EagleTribune.com, North Andover, MA

Opinion

March 10, 2013

Column: Bloomberg is a latter-day Carrie Nation

New York City’s Mayor Michael Bloomberg is the new Carrie Nation, and that’s no small thing because she was no small thing.

Says one biographer, she was the “prime dragoness on a field strewn with the bones of sinners,” a hatchet-wielding, epithet-spouting, hymn-singing crusader who broke whatever was breakable and threw bricks at whatever moved. Her purpose was to stymie booze consumption through bar destruction.

She started her demolition derby in Kansas City, Mo., did most of her handiwork between 1900 and 1910, was dubiously a follower of the Prince of Peace and intemperately a leader of the temperance movement that ultimately pushed the nation to Prohibition.

When you saw all 6 feet of her headed toward you, you’d likely get out of the way or call the cops, who stuck her in jail 30 times.

This firebrand figured she knew truths others should heed, and not just about alcohol. She also hated sex, government and tobacco, according to Robert Lewis Taylor in “Vessel of Wrath.” Bloomberg seems to have some different attitudes — he certainly cherishes government — but is similarly on a mission to save wayward souls with his supposed moral insights.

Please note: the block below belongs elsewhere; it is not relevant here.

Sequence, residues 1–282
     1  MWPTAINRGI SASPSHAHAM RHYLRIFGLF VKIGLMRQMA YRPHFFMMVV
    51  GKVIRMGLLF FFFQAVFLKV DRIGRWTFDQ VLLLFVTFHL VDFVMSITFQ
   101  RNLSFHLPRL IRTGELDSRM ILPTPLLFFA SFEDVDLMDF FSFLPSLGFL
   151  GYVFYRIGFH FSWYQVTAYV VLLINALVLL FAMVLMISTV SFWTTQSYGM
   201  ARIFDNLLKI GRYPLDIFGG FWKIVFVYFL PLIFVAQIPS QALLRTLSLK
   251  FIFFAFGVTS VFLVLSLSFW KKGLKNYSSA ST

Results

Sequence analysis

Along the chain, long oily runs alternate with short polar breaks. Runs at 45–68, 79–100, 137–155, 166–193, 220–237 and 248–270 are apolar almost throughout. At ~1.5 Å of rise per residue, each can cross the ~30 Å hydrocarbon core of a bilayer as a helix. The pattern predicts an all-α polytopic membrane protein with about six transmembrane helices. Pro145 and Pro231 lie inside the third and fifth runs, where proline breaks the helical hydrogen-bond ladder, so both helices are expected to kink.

One of those is that it’s devilish connivance to sell sugary drink in containers of 16 ounces or bigger. He said as much last September as he urged the city’s health board to limit the horror with a law that’s in the news again because it’s due to take effect March 12. Bloomberg is ecstatic.

“This is the single biggest step I think any city has ever taken to curb obesity, but certainly not the last step that lots of cities are going to take,” he said. “And we believe it will help save lives.”

I don’t think so. I think sugar pursuers will buy two smaller drinks for more money than one would have cost. Maybe that expense will curtail sugar consumption to some slight degree, but not enough to be noticed, I would suggest, and no lives will be saved, only made more difficult.

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